A: I don't think it's a matter of really deciding you're a geek and boom, that's the lifestyle, it's just realizing you tend to obsess about things other people might not really care about and want to know almost every aspect of that thing. Back in middle school and high school, computers (especially the Mac), comic books and video games were definite comfort zones, as I went to a mostly-jock high school, was waiting for puberty to finish up on some level and when I got home, I could pick these up, dive in and not come up for a while. I think we all have this to some degree, albeit the difference is deciding how much of your life you're going to let it be. There's geek pride to be had and felt and you should never feel ashamed for your interests or what other people think of them, but you also need to remember to come up for air every so often.
Q: What stereotypes of geeks drive you crazy?

A: I think the stereotype that we're just this one thing, a one-dimensional construct that's obsessed with only a few things and everything else, including social skills, have gone rightout the door. People are geeks in their own right, they hold their interests and obsessions close (be it for books, comic books, knitting, languages, video games, a sports team, camping, hiking or anything else they happen to love). We're as varied as they come and it's pretty common to go to something that's typically considered a nerd event and find people obsessed with a hundred new things you'd never even thought about. No, these generally don't fit into the stereotype of things it's considered cool to be interested in, but you have people from a wide variety of backgrounds digging into the things they love and it's a varied thing (as opposed to the 80's movie stereotype of the uncool kid with the glasses and the pocket protector that never seems to quite go away...)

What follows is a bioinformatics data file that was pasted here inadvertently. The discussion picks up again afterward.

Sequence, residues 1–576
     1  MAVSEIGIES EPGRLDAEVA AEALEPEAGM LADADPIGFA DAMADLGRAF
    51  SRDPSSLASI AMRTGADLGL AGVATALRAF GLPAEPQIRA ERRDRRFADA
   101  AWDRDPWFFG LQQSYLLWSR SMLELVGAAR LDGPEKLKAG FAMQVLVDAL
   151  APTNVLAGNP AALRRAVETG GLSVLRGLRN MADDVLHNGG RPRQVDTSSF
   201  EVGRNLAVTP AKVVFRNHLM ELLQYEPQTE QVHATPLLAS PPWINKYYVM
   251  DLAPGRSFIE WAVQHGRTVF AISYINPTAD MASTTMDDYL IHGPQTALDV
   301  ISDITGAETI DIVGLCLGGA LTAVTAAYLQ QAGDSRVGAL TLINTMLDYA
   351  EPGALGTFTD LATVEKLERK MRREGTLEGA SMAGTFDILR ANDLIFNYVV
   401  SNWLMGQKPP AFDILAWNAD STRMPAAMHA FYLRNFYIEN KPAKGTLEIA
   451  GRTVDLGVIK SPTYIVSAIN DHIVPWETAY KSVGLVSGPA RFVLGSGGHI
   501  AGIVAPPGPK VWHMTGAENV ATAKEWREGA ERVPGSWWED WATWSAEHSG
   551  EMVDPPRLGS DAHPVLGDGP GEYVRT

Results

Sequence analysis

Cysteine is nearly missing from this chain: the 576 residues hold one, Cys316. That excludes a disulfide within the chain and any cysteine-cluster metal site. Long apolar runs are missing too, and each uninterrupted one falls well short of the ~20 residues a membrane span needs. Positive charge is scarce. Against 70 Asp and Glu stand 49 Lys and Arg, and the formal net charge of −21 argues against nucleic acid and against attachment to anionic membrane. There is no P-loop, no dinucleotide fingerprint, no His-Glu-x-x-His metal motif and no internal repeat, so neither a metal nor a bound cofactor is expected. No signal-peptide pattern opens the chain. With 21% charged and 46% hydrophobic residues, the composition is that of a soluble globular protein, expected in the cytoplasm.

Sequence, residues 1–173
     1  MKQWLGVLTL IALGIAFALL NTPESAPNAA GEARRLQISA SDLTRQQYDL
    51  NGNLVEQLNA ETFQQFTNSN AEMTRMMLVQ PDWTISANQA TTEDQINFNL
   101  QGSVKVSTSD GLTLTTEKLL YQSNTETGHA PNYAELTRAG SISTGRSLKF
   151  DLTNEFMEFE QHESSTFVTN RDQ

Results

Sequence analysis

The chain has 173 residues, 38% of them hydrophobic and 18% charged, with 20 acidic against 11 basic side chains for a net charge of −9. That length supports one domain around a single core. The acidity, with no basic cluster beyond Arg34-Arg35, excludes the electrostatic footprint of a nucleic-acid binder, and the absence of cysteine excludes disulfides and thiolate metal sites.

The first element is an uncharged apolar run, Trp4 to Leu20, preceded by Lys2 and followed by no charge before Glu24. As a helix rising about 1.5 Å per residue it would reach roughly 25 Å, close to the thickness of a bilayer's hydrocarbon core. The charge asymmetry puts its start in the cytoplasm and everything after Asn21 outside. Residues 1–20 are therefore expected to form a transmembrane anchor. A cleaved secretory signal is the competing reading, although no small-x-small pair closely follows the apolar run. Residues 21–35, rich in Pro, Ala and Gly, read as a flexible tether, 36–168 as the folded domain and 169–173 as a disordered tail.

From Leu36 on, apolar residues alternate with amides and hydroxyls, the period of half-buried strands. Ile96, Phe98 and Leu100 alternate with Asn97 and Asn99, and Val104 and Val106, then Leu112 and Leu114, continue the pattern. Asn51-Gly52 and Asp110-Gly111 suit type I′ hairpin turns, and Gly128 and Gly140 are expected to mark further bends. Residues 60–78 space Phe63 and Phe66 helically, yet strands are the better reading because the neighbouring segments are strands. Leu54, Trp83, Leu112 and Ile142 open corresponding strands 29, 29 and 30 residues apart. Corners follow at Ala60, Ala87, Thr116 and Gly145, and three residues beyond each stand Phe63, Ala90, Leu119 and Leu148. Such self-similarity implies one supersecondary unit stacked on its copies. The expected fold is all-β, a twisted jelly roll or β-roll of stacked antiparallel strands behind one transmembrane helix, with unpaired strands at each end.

Q: What advice would you like to give other geeks out there?

A: Honestly, that it eventually gets better. I went to a high school that I felt was more obsessed with sports than what it was supposed to be teaching, was one of the few people who played "Magic: The Gathering" or was interested in computers or video games in the 90's and had a bad habit of mouthing off to people whom puberty had just added about 30 pounds of muscle tone to. These were not my better moments, these were not the best decisions of a lanky, 105-pound person and these were not the best years of my life. Still, it gets better in college, as you have a much wider social pool to draw from, it gets better after college and the Internet has only made it easier to find people with similar interests as you.

Where comedy (especially geeky comedy) is concerned, just get out to as many open miss as you can, refine what you have and try to take in all the comedy, books, music, pop culture and anything else you can get your hands on. No, the sports bar that's WAY too close to actually being the Double Deuce in "Road House" might not go for your new five minutes of "Metroid" jokes, but the weird/cool thing is if you look hard enough, you CAN find a way to make it relatable to any audience and it is attainable, albeit it's sometimes an incredibly rough, ego-shattering path to get there.

Finally, watch the movie "Road House", as the key to all of life's deeper mysteries and questions are found in that movie's 114 points of pure, totemic wisdom.